Dr. Ilana MacDonald
Gravity: From Falling Apples to Ripples in Spacetime
Scales of the Universe
All You Ever Wanted to Know about Black Holes
The Odyssey of the Voyagers
English & French
Ilana MacDonald grew up in a small town in rural Quebec where she was inspired by the clear night skies and her father’s “midlife crisis telescope” to study Astronomy. She completed her Bachelors of Science in Physics at Bishop’s University, and her Doctorate in Astronomy & Astrophysics at the University of Toronto, studying under Prof. Harald Pfeiffer. Her doctoral research topic was to test the accuracy of models of ripples in spacetime, that is, gravitational waves, from binary black holes for detectors such as LIGO. She currently is in charge managing of the largest Astronomy courses at the University of Toronto, as well as creating and presenting planetarium shows..
How to Destroy a Planet
Alysa Obertas is a PhD candidate in the Department of Astronomy & Astrophysics and the Canadian Institute for Theoretical Astrophysics at the University of Toronto. Her research is on planetary dynamics–the study of how planets move. She investigates how closely the planets in a solar system can orbit their star without crashing into one another, as well as what happens when they get too close. Alysa’s passion for dynamics goes beyond science, and she dances ballet in her spare time.
Dr. John Percy
The Amazing Universe
Toronto’s Astronomical Heritage
The Birth, Life, and Bizarre Deaths of the Stars
Common Misconceptions about the Universe: From Everyday Life to the Big Bang
Archaeoastronomy: The Astronomy of Civilizations Past
John Percy is Professor Emeritus at the University of Toronto, in Astronomy & Astrophysics, and in Science Education. His research deals with the nature and evolution of the stars. He is also active in astronomy education, at all levels, throughout the world. He has received many awards for his work in education and outreach, most recently the 2013 Education Prize of the American Astronomical Society.
Dr. Michael Reid
Misconceptions about the Big Bang
Life in the Cosmos
The Lives and Deaths of Stars
The Search for Earth-like Planets
Dr. Reid’s research area is star formation–the process of turning vast clouds of gas and dust into new stars. He teaches several classes in introductory astronomy for non-scientists and frequently gives public talks on topics spanning all of astronomy. He will happily create a new presentation on a topic of your choice, or can deliver one of his prepared favourites.
Dr. Hanno Rein
Exoplanets: Strange New Worlds
Saturn’s Rings and Cassini
Dr. Hanno Rein wants to find out how planetary systems form. He maintains a large database of all discovered exoplanets, planets outside our own Solar System. Using large super-computers, he is simulating the evolution of planets and Saturn’s rings.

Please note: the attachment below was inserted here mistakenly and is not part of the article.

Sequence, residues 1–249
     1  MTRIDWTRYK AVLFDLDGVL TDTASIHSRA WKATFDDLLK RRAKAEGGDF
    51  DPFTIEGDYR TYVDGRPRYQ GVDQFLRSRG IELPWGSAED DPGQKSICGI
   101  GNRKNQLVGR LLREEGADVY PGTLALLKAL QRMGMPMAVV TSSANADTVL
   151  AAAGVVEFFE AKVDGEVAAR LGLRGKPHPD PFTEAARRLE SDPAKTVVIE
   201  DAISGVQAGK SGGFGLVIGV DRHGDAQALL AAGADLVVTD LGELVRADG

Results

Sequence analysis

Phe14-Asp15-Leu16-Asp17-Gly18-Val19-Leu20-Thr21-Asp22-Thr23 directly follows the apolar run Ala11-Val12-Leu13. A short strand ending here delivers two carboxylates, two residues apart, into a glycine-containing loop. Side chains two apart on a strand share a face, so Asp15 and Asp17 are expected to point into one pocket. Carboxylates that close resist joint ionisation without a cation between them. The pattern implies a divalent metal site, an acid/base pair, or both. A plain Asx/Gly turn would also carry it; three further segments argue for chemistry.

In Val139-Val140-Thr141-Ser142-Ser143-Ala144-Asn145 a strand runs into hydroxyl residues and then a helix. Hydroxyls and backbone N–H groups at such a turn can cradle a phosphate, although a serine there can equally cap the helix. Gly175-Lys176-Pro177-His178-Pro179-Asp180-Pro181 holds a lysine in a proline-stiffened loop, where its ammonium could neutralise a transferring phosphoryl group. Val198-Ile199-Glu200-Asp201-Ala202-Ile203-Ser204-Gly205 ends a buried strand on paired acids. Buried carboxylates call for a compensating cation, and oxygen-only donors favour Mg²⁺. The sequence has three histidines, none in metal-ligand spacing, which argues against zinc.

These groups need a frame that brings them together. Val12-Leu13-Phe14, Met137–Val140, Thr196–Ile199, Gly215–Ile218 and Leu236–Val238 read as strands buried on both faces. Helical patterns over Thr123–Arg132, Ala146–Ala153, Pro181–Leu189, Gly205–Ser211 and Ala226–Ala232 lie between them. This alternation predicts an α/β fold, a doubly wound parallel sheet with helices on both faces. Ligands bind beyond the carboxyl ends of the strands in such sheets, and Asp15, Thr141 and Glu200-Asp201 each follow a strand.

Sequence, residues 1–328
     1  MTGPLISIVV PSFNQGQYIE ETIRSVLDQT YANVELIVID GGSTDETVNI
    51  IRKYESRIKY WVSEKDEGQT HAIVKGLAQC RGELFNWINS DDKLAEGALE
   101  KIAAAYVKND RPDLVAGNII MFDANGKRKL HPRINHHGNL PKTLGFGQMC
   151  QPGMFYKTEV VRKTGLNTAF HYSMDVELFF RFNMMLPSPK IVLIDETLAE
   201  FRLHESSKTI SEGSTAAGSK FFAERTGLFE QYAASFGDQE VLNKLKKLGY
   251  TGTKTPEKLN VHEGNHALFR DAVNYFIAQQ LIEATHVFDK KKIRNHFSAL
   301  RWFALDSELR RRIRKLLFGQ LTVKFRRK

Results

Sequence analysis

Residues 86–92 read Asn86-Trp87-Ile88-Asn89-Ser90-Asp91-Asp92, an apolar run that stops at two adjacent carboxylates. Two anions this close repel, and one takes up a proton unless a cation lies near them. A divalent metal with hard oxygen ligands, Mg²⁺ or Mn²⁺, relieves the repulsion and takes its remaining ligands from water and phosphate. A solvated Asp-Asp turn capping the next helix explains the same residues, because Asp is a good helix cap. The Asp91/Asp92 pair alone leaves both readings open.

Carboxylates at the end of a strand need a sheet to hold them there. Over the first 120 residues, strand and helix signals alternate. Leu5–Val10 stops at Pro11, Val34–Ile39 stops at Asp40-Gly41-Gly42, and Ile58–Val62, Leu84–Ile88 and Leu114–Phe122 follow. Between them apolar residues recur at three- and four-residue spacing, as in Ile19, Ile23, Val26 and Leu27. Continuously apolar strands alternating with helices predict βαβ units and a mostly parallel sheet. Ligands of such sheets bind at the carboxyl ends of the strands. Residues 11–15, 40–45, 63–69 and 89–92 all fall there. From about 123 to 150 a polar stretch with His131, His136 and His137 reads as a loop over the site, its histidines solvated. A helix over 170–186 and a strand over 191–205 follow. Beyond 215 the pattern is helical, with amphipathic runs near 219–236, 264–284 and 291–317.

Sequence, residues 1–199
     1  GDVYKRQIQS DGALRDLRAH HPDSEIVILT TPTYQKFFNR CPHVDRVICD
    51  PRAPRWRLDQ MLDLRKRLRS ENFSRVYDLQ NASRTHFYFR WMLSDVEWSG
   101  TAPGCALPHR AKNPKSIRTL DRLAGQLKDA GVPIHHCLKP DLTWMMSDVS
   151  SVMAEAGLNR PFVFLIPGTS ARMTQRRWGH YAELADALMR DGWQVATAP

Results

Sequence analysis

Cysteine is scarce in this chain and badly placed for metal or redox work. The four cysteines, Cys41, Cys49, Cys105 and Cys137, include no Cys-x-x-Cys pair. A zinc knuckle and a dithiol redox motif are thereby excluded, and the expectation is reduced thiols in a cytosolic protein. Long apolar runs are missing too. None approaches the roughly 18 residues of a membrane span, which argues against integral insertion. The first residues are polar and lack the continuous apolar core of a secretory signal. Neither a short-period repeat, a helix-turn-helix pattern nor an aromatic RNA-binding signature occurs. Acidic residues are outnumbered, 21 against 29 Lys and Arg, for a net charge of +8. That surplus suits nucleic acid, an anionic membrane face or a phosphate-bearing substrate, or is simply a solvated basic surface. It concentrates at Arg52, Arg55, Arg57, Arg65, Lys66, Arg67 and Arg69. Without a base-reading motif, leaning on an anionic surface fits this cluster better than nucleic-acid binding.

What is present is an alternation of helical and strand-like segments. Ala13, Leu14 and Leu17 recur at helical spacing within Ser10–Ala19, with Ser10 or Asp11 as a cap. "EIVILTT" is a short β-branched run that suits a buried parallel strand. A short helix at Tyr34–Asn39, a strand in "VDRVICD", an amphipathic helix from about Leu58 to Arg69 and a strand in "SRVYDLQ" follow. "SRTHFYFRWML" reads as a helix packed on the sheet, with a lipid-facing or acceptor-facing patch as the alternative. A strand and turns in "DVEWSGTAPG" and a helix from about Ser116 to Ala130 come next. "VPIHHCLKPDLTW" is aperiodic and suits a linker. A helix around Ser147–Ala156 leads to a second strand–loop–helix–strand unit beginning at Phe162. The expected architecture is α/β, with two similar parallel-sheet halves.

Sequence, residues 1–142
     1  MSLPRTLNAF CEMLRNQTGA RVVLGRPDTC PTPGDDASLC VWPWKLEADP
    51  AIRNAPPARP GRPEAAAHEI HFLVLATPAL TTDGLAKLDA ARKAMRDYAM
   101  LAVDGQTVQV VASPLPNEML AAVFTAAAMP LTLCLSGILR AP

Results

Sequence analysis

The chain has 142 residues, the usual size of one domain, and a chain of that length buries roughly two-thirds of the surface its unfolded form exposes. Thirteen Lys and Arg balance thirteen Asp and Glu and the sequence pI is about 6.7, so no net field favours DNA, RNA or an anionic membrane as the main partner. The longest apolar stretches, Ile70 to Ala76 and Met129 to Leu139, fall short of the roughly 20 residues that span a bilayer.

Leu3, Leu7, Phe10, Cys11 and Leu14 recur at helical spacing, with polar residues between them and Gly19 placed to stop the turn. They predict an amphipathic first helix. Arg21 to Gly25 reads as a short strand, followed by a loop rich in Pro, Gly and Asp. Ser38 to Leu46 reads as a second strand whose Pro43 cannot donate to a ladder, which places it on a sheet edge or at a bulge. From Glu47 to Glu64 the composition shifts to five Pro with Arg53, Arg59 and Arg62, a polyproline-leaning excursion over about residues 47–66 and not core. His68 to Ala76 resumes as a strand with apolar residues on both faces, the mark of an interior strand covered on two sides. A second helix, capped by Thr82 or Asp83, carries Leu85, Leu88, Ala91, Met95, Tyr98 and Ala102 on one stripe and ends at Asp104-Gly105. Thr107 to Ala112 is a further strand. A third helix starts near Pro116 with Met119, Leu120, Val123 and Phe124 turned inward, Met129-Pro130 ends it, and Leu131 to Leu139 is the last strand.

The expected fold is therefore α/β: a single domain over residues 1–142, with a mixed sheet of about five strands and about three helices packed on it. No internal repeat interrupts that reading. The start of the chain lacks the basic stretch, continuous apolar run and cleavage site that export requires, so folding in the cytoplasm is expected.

Weighing the Universe with a Balloon Borne Telescope
The Science of Time Travel
Shaaban is a graduate student in the Department of Physics and the Dunlap Institute for Astronomy & Astrophysics. His research focuses on studying the contents and properties of the entire universe by looking at distant galaxies using a telescope that flies on a giant helium balloon.
Dr. Diana Valencia
From Earth to Super-Earths and Beyond
Making a Habitable Planet
Dr. Valencia’s goal is to understand the nature and evolution of new classes of planets: Super-Earths and Mini-Neptunes. Although the most common types of planets in our galaxy, they are absent form our Solar System, and thus we know little about them. Aside from studying the compositional and evolutionary differences between Super-Earths and Mini-Neptunes, my research goals also cover determining what makes a planet habitable.
Dr. Keith Vanderlinde
Science at the South Pole
Cosmology, Cell Phones, and Video Games
Dr. Vanderlinde’s research concerns the earliest eras of the universe. He uses telescopes all over the world–including Antarctica–to study the the cosmic microwave background, which is the oldest light in the universe. Dr. Vanderlinde is an engaging speaker who gives highly entertaining and informative accounts of what it’s like to do astronomy in Antarctica.
Dr. Jennifer West
The Universe in a Nutshell
Revealing the Invisible Universe with Radio Telescopes
Nature’s Supercolliders: The Extreme Environments of Stellar Graveyards
What Happens When All the Dark Places Are Gone?
Dr. West is a Postdoctoral Fellow who uses large radio surveys to study magnetic fields in the universe. She is also enthusiastic about astronomy education and outreach. A long time member of the Royal Astronomical Society of Canada (RASC), she is the recipient of the 2011 International Dark Sky Association’s Dark Sky Defender Award and the 2010 RASC’s Ken Chilton Prize for her contributions to astronomy education and outreach.
Dr. Yanqin Wu
The origin of the solar system
English, Mandarin, Cantonese
Yanqin Wu is an associate professor of astronomy. She is engaged with studying the formation of Solar system and extra-solar planetary systems. Problems she has studied include, e.g., the survival of Mercury, the formation of Kuiper belt, Pluto and its moons, the migration of Jovian planets in extra-solar systems, and planets detected by the Kepler space mission.